CES: " Shaping Authors' Work into a Commodity : Practices in Germany versus Britain, 1740-1830"


Tuesday, November 29, 2016, 4:15pm


CES Hoffman Room, 27 Kirkland Street, Cambridge


Richard Biernacki

Richard Biernacki 's research focuses on the historical invention of key forms of cultural practice in Europe, including the categories of labor as a commodity, ethnic identity, and property in ideas. His  masterly The Fabrication of Labor: Germany and Britain -1640- 1914, (University of California, 1995) has been instrumental in redefining cultural and social research on  economic institutions. Rick Biernacki has  also been a leading academic advocate of   qualitative methodologies in social sciences (Reinventing Evidence in Social Inquiry: Decoding Facts and Variables, New York, Palgrave Macmillan 2012).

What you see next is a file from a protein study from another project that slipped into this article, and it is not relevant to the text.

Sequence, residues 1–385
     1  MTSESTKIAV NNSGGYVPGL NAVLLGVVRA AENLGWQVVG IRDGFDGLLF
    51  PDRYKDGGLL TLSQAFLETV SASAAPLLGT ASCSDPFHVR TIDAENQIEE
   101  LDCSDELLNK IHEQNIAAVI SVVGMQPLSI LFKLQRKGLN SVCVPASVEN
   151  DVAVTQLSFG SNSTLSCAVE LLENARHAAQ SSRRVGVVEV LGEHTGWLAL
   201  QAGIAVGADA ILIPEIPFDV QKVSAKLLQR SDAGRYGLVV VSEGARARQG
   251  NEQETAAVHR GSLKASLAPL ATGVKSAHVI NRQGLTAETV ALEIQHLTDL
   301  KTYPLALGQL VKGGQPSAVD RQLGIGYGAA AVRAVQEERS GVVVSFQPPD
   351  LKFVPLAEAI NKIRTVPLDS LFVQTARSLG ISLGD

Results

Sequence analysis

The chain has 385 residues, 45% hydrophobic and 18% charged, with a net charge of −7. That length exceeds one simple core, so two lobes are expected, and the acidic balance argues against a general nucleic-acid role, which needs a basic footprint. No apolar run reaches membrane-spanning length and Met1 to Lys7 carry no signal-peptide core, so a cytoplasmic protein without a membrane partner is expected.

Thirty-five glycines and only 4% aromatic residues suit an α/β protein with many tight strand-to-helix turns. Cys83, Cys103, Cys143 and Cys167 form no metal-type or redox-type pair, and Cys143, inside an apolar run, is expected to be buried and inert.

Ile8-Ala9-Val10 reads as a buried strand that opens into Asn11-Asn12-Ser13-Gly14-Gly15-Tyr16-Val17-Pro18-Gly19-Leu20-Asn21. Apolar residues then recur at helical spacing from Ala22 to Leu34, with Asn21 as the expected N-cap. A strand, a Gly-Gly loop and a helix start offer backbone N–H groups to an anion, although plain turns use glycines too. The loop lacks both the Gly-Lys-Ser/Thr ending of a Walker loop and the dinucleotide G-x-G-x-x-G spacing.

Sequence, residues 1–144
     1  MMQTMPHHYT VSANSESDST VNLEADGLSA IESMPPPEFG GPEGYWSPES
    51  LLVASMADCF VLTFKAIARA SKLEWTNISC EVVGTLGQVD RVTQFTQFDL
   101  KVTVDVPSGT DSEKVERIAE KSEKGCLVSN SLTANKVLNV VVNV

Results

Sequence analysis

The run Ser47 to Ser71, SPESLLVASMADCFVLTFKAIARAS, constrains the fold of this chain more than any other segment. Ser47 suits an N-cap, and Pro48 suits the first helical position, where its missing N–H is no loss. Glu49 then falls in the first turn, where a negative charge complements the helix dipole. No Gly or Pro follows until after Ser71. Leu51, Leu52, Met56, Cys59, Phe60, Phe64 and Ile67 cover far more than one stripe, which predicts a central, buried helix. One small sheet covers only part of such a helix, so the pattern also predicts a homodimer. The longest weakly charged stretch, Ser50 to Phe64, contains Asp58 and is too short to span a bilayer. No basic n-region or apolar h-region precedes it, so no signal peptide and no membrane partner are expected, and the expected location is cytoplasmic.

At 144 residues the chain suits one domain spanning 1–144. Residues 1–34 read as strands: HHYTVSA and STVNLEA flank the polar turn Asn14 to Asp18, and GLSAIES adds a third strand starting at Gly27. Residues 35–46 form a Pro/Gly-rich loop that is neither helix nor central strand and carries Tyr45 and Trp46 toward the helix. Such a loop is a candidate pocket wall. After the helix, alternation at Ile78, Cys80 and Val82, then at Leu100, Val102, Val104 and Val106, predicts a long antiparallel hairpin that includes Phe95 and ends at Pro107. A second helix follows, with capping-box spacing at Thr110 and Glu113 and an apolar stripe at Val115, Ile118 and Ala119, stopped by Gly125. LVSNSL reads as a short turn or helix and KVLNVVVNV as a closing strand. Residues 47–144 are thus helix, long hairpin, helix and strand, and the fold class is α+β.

His talk  will broadens his inquiry into the cultural configuration of labor as a commodity in German versus British workshops.  The cross-national difference in the practices by which elite writers transferred their work to publishers uncannily presaged the cross-national difference in how factory workers delivered their labor to employers.  In turn, the form taken by each nation's canonical philosophy and literature was steered by the writers' enactment of practices that defined their labor as a commodity.